Every state now has a system where at least some type of corporate filing can be done online. These systems are helpful for state filing offices in that they mean less need for staff to re-key data into their system and more ability to control what information is provided for the filing, leading to fewer rejections.
Despite these benefits, in most states, it’s not mandatory to submit corporate filings online and many states do not offer a lower fee for online filing. In some cases, the timeframe to process filings submitted online will be quicker but generally, there is no guaranteed reduction in processing time either as a person is still required to review and accept the information provided.
With the temporary closures of state filing offices over the past months due to the coronavirus pandemic, there is an ever-increasing reliance on online document filing systems. The process to file online can vary greatly from state to state, so let’s take a closer look.
Where Online Filing is Mandatory
Several states mandate the use of their online filing system for some or all corporate filing submissions. Colorado was one of the first states to require online filing of documents where online filing is possible – which currently covers nearly all commonly filed documents.
Colorado has since been joined by Louisiana, Mississippi, Montana and North Dakota in requiring that most filings be made using their online system. (Excepting Louisiana, these states also require electronic UCC filings at the state level.)
Louisiana and North Dakota have taken rather unique approaches.
Companies registering to either form or do business as a foreign entity in Louisiana are required to provide registration information to other state agencies, such as the Department of Revenue and the Louisiana Workforce Commission. Information must be provided that is not usually required in other states, like the social security numbers of the officers and directors and the company’s federal EIN number.
For a new company, this poses an interesting problem. When applying for an EIN with the IRS, the SS-4 application asks for the legal name of the entity, which would be the name on the entity’s formation documents (unless amended). However, a Louisiana formation cannot be accomplished until the EIN is obtained. The state’s website advises the filer to reserve the name, then obtain the EIN on the reserved name and then complete the online registration.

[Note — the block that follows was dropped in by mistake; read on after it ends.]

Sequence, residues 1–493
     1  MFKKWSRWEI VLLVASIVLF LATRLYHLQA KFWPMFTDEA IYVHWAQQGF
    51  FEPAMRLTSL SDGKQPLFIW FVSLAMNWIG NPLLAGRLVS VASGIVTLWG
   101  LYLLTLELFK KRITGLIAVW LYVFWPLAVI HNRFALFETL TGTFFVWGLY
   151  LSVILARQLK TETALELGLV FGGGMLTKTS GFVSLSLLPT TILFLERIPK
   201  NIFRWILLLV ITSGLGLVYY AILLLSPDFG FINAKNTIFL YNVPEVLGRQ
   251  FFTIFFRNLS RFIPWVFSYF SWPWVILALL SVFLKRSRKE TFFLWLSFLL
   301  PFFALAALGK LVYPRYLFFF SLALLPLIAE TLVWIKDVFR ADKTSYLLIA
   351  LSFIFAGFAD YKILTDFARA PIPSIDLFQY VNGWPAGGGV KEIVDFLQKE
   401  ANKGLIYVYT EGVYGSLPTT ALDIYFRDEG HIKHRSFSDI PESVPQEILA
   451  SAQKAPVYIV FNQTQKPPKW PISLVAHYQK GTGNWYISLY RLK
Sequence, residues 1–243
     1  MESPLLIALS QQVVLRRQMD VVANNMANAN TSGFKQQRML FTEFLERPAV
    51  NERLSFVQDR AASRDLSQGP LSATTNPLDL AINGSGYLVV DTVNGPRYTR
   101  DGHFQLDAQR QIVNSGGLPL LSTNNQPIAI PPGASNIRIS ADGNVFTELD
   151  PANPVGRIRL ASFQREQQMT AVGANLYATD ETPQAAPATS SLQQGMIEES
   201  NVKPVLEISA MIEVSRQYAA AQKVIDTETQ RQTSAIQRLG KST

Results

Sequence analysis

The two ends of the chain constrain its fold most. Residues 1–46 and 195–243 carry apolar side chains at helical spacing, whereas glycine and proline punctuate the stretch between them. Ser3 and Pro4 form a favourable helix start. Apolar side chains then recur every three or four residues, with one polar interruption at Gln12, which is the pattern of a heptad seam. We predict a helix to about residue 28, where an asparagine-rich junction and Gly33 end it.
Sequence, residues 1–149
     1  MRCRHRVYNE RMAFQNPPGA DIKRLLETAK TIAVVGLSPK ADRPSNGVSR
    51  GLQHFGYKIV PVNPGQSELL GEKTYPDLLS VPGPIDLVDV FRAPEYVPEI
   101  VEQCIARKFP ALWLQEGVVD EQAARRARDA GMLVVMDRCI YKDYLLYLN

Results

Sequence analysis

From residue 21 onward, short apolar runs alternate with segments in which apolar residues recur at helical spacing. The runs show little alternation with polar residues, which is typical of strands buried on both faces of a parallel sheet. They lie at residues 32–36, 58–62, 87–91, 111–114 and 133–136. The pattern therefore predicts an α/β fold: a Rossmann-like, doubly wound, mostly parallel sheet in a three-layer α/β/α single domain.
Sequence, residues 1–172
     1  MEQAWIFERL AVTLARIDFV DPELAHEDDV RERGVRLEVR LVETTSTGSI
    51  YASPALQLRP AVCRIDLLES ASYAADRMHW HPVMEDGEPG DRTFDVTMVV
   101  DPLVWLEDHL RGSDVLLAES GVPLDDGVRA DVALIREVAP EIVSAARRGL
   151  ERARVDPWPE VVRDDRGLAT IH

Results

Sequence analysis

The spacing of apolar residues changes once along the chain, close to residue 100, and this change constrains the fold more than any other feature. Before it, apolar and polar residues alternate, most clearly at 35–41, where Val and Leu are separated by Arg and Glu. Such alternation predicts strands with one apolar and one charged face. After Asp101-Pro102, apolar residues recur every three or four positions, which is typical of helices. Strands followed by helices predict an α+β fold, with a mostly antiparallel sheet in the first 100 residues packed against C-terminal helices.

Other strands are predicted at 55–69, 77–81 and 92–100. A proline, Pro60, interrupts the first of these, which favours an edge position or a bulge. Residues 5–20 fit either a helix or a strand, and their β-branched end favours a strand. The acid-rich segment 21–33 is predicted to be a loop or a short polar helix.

- North Dakota
North Dakota’s system does not require that the filing be accomplished completely online, but it does require the filer to input the information onto their online system. Upon completing the input of information, the filer has the option to submit online or print and submit a hard copy.
State-Specific Requirements for Online Filing
User Identification and Authorization
We are all familiar with individual identity theft, and it’s a risk for business entities as well. With the advent of online filing systems, states noticed an uptick in filings that were not authorized or intended by the company. Some were accidental – like a filer choosing a similarly‑named company in error – but others deliberate, where the filing was submitted as an act of revenge on the company.
A few states have instituted online corporate filing policies to prevent this. In Massachusetts and Rhode Island, for example, filers must provide a unique customer identification number and PIN which was assigned to the entity via a mailed notice from the Secretary of State in order to submit an online filing.
In Montana, entities that you have filed are added to your account. If you wish to submit a filing for an entity that has not been added to your account, you must submit a letter authorizing you to file on the company’s behalf, and the Secretary of State’s office will add the entity in question.
Submission Review Options
One of the drawbacks of online filing is that the signer of the document is either required to input the information into the state’s website themself or rely on the accuracy of another party’s input. Some states, including Arizona, Nebraska and North Carolina allow the upload of a PDF instead. This means the document can be drafted, reviewed and signed as you would if submitting by mail or in person.
Several other states including Louisiana, Mississippi and New York – plus Washington D.C. – allow a draft of the input information to be saved, giving another party the opportunity to easily review and approve what was entered before submission.
Online Filing: Weighing the Pros and Cons
The honest truth is that online filing often does not always save time or cost less. In many states, filing fees remain the same whether you file online or by traditional means. Online interfaces can offer less flexibility than paper filings, limiting the contents of the submitted document to standard or default provisions that may not be what is desired. In states that don’t allow a draft to be saved or uploaded, there is increased risk of an inadvertent error.
Despite these drawbacks, there are also advantages to online filing. There is the decreased risk of rejection, as it‘s usually impossible to submit the filing without all the required information and ensuring the name is available for use is often an inherent part of the process. Online filing can also be used to help a filer to obtain a particular file date, in cases where the date of submission is the date of filing.
All things considered in the current environment, as state filing offices close their doors in response to public health concerns, filing online may be the only method of getting a document filed without long delays.
This content is provided for informational purposes only and should not be considered, or relied upon, as legal advice.